A number of items have come up recently although none large enough for a single article. It’s time to resurrect a recurring theme. The 12MC "Odds and Ends" compilation ratchets up to #7.
Google Maps Treasure Map
By now everyone should be aware of the April Fools layer on Google Maps yesterday, a so-called Treasure mode in the style of a pirate map. It’s already ancient history even as April 2 and the layer has been removed. I first noticed it on the afternoon of March 31, a day early. I guess they figured nobody would be checking Maps on Easter. They were wrong.
I started solving the puzzle immediately as did many others around the world. Someone started a collaborative Google Docs spreadsheet and I was invited to participate through my Twitter feed. We’d pretty much solved the puzzle by early evening the day before most people even knew it existed. I think the collaboration may have been the first to complete the puzzle although I don’t know that for a fact. It was amongst the very earliest of solutions in any case.
Here is how it appeared as we worked through the answer on Docs.
My little contribution also involved plotting all of the letters on a shared Google Map.
View April Fools Map in a larger map
I was hoping that I might be able to draw a line between the points and maybe find an additional Easter Egg or something. However it appeared that individual solutions were all placed randomly and far apart for perhaps no other reason than to make it difficult to find them without solving each of the clue chains.
The most entertaining part of this was collaborating in real time with about fifty people — all strangers to me — from around the globe in a single Doc simultaneously.
White House Easter Egg Roll
Speaking of Easter Eggs, in a more literal sense this time, I lucked into tickets to the White House Easter Egg Roll held on Monday. This is a 135 year-old tradition that dates back to the administration of President Rutherford B. Hayes in 1877. It’s become a Washington, DC area institution over the years, one of those events everyone living here has to do at least once in his or her lifetime, and one of the simple joys of being near the Nation’s Capital. It’s a sign of springtime as surely as the annual blooming of the cherry blossoms along the Tidal Basin.
This is one tough ticket. Each year the White House opens a lottery, and although tickets are free, the demand far outstrips supply. I’ve never attended the event before. My kids are getting older and we figured if we didn’t act on the tickets this year then we might never get another chance.
It’s a rare privileged to be able to walk on the White House lawn, even as part of a large crowd. This was only the third time I’ve done that in the many years I’ve lived here. The kids had a great time and will probably remember this forever. Even the weather was perfect. The only tiny blemish happened as we left and right after as we cleared the security gates, when we could hear someone start to sing the National Anthem. I knew we’d just missed an opportunity to see President Obama by maybe thirty seconds. I guess that means we have an excuse to try again.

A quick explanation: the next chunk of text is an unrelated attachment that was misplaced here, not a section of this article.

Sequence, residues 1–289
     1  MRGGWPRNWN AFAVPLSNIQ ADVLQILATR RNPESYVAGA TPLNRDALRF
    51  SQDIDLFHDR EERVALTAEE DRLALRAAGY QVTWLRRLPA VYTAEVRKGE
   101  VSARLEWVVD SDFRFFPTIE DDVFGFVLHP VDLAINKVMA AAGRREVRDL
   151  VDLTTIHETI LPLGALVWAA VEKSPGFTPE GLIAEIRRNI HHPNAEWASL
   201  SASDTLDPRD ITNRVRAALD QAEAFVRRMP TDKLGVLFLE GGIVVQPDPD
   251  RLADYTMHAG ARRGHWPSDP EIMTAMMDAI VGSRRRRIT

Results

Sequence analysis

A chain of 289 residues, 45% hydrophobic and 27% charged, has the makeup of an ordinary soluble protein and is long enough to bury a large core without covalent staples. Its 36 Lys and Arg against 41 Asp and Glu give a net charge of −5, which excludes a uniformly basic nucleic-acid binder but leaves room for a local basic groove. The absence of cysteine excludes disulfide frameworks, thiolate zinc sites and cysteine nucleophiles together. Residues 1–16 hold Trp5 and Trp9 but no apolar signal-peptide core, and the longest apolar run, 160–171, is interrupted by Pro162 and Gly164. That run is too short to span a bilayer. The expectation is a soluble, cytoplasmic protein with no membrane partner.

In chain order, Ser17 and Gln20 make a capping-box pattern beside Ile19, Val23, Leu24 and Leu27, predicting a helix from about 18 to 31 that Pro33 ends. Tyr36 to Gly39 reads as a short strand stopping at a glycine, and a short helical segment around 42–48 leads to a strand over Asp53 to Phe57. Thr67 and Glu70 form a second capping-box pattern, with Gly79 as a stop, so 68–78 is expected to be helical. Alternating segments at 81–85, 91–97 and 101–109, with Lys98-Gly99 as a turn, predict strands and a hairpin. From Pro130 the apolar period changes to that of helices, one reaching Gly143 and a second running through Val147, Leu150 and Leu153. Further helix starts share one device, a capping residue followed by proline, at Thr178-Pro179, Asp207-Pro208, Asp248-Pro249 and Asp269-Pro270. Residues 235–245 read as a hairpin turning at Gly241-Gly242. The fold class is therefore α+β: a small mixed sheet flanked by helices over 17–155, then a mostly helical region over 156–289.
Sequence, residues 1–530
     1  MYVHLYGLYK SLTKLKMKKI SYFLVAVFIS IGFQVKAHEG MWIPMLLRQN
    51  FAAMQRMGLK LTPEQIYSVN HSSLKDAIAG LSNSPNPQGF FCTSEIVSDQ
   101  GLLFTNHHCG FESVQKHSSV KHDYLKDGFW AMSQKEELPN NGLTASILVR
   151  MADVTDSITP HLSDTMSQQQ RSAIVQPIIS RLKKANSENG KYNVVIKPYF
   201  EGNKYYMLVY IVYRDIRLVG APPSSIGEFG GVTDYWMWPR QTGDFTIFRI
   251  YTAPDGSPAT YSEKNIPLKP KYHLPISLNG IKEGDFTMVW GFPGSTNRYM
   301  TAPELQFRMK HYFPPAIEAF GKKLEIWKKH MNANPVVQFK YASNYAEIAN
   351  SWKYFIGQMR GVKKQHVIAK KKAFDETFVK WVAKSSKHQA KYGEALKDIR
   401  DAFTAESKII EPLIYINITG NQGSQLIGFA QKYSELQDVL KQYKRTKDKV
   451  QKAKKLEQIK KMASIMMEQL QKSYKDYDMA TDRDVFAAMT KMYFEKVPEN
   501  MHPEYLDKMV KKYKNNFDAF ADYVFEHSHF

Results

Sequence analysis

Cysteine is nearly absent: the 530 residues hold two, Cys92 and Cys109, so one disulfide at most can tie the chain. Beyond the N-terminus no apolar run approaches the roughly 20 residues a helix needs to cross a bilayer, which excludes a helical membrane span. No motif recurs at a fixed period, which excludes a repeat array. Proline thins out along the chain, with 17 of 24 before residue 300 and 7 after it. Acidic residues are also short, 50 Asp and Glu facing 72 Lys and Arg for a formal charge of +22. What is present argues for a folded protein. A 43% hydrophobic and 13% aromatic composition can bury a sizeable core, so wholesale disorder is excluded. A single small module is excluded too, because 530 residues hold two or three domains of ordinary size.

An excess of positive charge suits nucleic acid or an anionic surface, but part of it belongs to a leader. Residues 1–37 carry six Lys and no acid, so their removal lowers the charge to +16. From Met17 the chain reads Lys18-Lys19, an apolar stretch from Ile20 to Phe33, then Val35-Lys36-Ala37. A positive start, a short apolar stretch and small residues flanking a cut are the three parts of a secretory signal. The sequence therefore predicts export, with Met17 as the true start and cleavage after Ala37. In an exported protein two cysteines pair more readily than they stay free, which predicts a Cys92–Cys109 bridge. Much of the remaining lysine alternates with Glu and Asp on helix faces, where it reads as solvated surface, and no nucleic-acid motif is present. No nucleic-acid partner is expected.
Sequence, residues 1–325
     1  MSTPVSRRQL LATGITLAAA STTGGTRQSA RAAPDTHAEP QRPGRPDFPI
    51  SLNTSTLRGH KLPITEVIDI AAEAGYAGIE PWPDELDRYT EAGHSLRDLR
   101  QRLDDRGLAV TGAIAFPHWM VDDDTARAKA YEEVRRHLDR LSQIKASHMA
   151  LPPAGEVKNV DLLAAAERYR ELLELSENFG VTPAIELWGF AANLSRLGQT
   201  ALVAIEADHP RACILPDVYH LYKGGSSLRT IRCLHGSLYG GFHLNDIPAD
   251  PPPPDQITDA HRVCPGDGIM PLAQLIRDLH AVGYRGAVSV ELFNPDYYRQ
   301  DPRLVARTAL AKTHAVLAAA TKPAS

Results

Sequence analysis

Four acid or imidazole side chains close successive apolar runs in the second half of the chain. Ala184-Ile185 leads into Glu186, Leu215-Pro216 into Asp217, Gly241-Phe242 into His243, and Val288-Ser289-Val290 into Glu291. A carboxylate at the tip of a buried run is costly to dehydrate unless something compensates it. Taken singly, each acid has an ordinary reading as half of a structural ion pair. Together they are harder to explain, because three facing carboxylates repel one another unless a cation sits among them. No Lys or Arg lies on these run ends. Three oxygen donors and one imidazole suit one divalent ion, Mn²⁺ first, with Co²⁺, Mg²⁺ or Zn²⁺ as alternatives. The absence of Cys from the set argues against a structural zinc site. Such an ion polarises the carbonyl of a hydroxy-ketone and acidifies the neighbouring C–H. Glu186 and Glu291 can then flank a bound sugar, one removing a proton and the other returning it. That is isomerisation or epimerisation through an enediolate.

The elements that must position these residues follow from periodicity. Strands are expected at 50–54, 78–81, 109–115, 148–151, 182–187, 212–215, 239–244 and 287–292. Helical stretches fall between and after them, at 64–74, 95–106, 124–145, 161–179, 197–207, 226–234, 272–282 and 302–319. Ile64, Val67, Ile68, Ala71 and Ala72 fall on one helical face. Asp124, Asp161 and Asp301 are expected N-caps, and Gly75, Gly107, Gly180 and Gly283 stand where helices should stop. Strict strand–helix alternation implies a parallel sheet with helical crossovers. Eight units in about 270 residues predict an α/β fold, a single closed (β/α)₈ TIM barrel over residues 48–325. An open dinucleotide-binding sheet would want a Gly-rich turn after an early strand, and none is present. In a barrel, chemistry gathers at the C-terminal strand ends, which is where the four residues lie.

Go South to Go North
I love it when readers notice Twelve Mile Circle articles and use them as inspiration for their own personal travel adventures. Please send a message to me whenever you do that. Unlike some of your friends, family or loved ones, 12MC understands your geo-oddity obsession and consider it worthy of accolades and attention. I want to share your stories with fellow enthusiasts who will find them endlessly fascinating.
"Kevin" was influenced by North AND South, an article about a town named North located south of the South Carolina capital and southeast of Due West, and by All Ways – Every Cardinal Direction, where I imagined that one could travel to neighboring states in numerous counterintuitive ways given sufficient motivation.
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Kevin traveled to a point outside of Charlotte, North Carolina marked on the map. I’ve edited Kevin’s photo, below, by adding a line on the border and a circle around a sign that reads "North Carolina State Line – Union County." I had to shrink the photo down to make it fit within the margins of 12MC so hopefully my additions will increase the clarity. It might be more legible if you open the image in another tab, too.
Traveling here, one can drive south from the state of South Carolina into North Carolina, and vice versa. Go south and hit north. Go north and hit south. This isn’t some insignificant border anomaly either. It’s actually rather more noticeable than many of the tiny border nicks I pointed out in my previous article. Also, at least for now, Street View does not provide coverage here. This will be your only chance to view the spot unless you go there personally.
Thank you Kevin!